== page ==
38. Shame Greta Shame – the use of ‘shame’ to affect change [politics, shame, denialism]
39. Is Corporate Social Responsibility an environmental ‘Dodge’? – [business, social responsibility]
40. On the taboo of triage – why politicians don’t talk about triage [politics, policy, denialism]
41. 2019 Senate Environment Estimates – [politics, policy, news]
42. I’m so angry I’m going to write a letter!! – the value of the ‘letter’ from experts [politics, science culture, denialism]
43. Supplementary Environmental Estimates – [politics, policy, news]
44. The script that burns us – predicatable responses to wildfire [politics, ideology, denialism]
45. Announcing ‘Australia’s Strategy for Nature’ – what’s in this new policy [politics, policy]
46. But we’re only a tiny part of the problem! – unpacking denialist cant [politics, policy, denialism]
47. Will next year be a big one for biodiversity? – the importance of 2020 [policy, environmental accounts]
48. Positioning ‘The Environment’ – rearranging government departments [policy, politics]
49. Insights on government thinking from 20 years ago – release of parliamentary papers[policy, history]
50. Five lies that stain the nation’s soul – the government’s worst lies [politics, denialism]
51. Now is the summer of our discontent – reflecting on an awful summer [politics, disturbance]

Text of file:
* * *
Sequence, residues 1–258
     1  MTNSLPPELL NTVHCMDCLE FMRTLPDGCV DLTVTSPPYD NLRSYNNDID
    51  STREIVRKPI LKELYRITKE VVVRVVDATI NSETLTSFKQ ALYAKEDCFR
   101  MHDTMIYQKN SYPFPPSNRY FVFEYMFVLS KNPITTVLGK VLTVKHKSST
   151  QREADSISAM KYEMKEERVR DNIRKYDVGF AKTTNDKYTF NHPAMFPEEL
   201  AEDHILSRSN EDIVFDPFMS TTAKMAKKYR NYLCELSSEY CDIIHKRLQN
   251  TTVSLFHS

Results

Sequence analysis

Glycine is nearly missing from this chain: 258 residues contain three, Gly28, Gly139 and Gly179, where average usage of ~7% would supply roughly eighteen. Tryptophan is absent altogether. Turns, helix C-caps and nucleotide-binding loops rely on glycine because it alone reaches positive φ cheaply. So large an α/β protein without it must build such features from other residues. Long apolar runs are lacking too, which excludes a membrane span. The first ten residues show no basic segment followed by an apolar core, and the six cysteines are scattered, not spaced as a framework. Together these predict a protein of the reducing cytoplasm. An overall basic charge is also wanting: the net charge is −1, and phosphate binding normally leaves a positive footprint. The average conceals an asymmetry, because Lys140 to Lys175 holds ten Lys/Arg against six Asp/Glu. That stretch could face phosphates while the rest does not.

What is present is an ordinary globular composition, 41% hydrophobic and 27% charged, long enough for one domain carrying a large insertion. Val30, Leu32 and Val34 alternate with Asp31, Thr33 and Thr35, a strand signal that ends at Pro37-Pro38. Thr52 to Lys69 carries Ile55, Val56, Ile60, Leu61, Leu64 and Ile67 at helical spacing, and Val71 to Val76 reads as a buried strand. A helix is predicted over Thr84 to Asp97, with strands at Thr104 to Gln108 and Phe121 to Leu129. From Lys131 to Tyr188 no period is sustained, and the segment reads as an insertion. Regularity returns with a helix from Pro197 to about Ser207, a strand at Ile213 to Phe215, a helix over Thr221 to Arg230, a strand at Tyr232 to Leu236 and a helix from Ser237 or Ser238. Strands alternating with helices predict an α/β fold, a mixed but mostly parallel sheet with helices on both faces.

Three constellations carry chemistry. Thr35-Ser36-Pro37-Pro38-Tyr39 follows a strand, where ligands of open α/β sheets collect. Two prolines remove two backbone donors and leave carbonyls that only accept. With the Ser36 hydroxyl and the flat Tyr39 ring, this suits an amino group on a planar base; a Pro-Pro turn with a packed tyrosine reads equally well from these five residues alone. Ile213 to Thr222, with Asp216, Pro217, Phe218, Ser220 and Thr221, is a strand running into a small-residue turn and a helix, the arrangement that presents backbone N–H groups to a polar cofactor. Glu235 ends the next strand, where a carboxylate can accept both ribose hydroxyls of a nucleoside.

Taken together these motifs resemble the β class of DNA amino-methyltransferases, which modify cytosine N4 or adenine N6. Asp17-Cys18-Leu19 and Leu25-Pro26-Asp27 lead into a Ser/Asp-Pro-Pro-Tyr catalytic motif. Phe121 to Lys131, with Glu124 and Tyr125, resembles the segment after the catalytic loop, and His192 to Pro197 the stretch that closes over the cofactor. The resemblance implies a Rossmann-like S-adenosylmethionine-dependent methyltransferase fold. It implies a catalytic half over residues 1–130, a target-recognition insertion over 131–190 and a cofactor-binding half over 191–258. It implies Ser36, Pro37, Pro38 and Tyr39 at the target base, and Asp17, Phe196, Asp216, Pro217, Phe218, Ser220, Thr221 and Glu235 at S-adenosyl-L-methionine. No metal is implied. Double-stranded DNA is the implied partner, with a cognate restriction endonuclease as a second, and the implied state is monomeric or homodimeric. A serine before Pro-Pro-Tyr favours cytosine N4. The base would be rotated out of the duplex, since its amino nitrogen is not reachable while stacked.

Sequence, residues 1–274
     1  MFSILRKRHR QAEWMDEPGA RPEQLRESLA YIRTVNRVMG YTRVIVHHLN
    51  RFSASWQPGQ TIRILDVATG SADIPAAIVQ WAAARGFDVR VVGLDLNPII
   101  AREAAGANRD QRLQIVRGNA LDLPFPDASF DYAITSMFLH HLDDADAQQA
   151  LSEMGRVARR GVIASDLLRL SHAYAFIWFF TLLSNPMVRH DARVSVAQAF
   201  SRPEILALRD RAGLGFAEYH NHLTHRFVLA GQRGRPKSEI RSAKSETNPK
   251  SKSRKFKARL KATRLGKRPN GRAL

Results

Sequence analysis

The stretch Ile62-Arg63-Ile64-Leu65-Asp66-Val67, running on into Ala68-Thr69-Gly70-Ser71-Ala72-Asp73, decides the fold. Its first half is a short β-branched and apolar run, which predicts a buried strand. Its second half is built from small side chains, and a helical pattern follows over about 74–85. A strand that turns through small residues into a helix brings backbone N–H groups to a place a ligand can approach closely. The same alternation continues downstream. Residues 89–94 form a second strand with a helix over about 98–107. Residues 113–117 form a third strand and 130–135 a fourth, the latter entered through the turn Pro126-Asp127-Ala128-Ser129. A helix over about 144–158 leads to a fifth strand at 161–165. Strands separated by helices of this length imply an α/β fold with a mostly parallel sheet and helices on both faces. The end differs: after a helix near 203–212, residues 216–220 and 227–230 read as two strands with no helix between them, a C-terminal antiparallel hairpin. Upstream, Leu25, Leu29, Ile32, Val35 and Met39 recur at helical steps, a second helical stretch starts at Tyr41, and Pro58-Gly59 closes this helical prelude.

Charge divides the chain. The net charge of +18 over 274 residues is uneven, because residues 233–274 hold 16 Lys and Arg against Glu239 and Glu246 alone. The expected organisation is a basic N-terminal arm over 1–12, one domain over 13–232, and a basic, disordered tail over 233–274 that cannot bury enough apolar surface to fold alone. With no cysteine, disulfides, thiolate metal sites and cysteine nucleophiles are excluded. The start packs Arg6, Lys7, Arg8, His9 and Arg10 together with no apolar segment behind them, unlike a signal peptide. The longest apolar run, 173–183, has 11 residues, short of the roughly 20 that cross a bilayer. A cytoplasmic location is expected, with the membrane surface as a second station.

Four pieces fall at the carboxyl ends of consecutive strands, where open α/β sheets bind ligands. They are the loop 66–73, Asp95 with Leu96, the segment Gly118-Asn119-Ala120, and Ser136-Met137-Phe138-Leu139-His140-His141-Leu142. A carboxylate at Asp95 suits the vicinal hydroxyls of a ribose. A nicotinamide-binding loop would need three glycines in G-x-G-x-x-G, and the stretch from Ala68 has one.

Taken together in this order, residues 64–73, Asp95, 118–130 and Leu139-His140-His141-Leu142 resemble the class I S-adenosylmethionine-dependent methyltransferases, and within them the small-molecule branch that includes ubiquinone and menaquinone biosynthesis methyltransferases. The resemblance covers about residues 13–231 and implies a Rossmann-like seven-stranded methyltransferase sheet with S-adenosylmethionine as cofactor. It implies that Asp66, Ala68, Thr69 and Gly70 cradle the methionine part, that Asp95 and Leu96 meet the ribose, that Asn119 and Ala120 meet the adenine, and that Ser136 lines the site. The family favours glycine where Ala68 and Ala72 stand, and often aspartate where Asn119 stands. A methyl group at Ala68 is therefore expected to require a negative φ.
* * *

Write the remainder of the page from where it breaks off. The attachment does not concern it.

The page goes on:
52. On ‘resilience’ as a panacea for disaster – hiding behind notions of resilience [politics, disturbance, resilience]
53. By all accounts, can we manage to save biodiversity? – environmental accounts to the rescue [policy, environmental accounts]
54. Conversations with the devil – false news is amplified by tribalism [polarization, tribalism]
55. A tale of two climate bills – laws proposed by an independent and the Greens [policy, politics]
56. Dawn of the new normal (?) – when will we acknowledge climate change [policy, politics, disturbance]
57. Insensible on coal – why is coal the elephant in the room[policy, politics, disturbance]
58. The zero sum game – from biodiversity to emissions – ‘net’ zero carbon emissions[policy, politics, offsets]
59. ‘Practical Environmental Restoration’– the Government always talks about ‘practical’ [policy, politics, offsets]
60. A good decision in a time of plague – the process is more important than the decision itself [policy, governance]